The Paradox of Afghanistan

By McDonough, David S. | International Journal, Summer 2007 | Go to article overview
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The Paradox of Afghanistan

McDonough, David S., International Journal

Stability operations and the renewal of Canada's international security policy?

The Canadian commitment to Afghanistan has singularly focused the attention of policymakers in Ottawa. Canada's contribution was initially limited to a naval interdiction task group that, no matter how impressive in speed or size, seemed curiously out of place for a military campaign in a land-locked southwest Asian country. "Boots on the ground," and all the dangers that that entailed, were the sine qua non for an impressive military contribution for this mission.1 Canada responded with the deployment of a small ground force contingent that would operate closely with US counterparts in combat operations in southern Afghanistan and be just as quickly withdrawn in mid-2002.

These initial contributions might have been the beginning and the end of Canada's brief foray with interventionism. Canada would have signalled its political approval of the American response to the 9/11 terrorist attacks, and could have simply withdrawn to the relative safety of its "fireproof house" in North America. Prime Minister Jean Chrétien would, however, make the strategically fateful decision to deploy relatively substantial Canadian forces (CF) ground troops in early 2003. This government decision, politically motivated as it was, would lay the foundation for this country's principal theatre of operations in the wider US-led "global war on terror." It would begin rather modestly in the relatively safe area of Kabul, but would be severely tested with the CF transfer to Kandahar, where the country appears mired in a complex (and seemingly intractable) stability operation that combines elements of counter insurgency and reconstruction in what Sean Maloney has described as a "post-Apocalyptical environment in the wake of. .a twenty-five year 'civil war'."2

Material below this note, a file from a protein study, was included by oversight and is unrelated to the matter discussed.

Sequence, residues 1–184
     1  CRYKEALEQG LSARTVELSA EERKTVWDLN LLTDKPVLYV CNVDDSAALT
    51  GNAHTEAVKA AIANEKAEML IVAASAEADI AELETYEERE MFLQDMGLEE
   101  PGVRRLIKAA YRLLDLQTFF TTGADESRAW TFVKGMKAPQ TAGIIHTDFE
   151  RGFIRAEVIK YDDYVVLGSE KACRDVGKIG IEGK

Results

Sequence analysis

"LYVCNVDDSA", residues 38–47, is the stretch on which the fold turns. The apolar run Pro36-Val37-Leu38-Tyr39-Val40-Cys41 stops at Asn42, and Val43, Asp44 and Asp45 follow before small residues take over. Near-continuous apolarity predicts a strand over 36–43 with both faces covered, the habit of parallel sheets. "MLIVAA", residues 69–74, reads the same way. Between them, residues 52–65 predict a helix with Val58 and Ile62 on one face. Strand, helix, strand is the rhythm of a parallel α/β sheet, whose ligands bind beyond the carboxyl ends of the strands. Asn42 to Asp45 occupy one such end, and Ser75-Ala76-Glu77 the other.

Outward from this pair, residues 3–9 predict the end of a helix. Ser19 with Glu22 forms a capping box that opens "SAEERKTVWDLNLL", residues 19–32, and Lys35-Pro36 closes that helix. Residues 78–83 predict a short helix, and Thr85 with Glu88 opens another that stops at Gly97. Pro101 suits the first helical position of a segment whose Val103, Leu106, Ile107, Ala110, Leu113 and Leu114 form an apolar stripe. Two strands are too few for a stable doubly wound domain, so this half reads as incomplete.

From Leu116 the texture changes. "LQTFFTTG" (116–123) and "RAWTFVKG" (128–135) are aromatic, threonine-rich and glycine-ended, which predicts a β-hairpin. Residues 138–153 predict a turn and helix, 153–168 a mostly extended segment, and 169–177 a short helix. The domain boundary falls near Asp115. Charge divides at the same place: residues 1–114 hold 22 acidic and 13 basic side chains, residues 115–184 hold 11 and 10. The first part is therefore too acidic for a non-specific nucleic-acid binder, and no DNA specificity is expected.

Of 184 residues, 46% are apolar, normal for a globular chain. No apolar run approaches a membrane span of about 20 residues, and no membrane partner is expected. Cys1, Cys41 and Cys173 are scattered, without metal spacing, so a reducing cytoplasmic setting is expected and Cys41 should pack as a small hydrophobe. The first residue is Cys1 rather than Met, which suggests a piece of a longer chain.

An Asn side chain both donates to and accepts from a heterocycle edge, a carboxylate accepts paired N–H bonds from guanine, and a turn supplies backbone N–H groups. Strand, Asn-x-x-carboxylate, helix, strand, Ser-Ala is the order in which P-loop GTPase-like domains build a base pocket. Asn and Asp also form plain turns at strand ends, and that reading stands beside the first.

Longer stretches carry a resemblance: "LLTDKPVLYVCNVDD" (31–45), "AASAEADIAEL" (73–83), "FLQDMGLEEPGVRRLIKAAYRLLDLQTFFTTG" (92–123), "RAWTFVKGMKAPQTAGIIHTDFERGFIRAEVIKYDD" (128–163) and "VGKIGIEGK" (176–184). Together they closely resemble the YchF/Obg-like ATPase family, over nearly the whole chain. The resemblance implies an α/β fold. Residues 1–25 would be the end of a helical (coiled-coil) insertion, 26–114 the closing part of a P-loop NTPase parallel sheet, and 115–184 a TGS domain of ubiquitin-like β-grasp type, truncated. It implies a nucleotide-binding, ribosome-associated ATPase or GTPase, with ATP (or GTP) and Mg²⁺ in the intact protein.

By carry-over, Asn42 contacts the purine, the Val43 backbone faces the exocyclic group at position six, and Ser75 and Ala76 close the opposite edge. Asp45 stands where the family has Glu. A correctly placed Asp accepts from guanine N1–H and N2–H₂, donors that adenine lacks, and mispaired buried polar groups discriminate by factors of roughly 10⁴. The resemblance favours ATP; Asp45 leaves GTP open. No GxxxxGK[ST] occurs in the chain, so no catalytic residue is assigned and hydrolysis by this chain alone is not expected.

It is not an exaggeration to consider Canada's extra regional engagement of Afghanistan the largest and most significant Canadian commitment since its role in the Korean War. Indeed, it is the most recent and impressive example of Canada's de facto role in "stability campaigns" of the post-Cold War period, where the international community seeks to mitigate the worst excesses of the new world disorder" by "imposing or supporting with armed force the establishment of order in states or regions."3 There are clear antecedents for such a policy in the long standing Canadian efforts to maintain an institutional international order marked by rules of behaviour and predictability. Canada might have had only a small role in its construction, but there is no doubt that it was, to borrow Dean Achesorfs words, "present at the creation" of the postwar order. It is precisely this latent conservative interest in global order that informs Canada's international security policy in the 21st century.

Canada's role in Afghanistan began as a means to assuage American concerns over its security in the post-9/11 period - a "forward defence" policy to complement domestic homeland security measures. But it is precisely this military engagement that will likely result in long-term consequences for Canada's international security policy. On one hand, the intervention has provided some insight into the doctrinal and operational bases for Canada's use of military force. On the other hand, Canada's role in Afghanistan has created a strategic context that is more amenable and even conducive to the development of expeditionary forces, but paradoxically could result in such severe consequences (e.g. accelerated casualties and/or regional destabilization) as to poison any interventionist sentiment in Canada for decades. Despite such a risky gamble, Afghanistan does represent a potentially long-term strategic opportunity for Canada that should not be dismissed.


The terrorist attacks of 9/11 renewed latent American concerns over its societal vulnerability that were largely, but never totally, held in abeyance during the Cold War.

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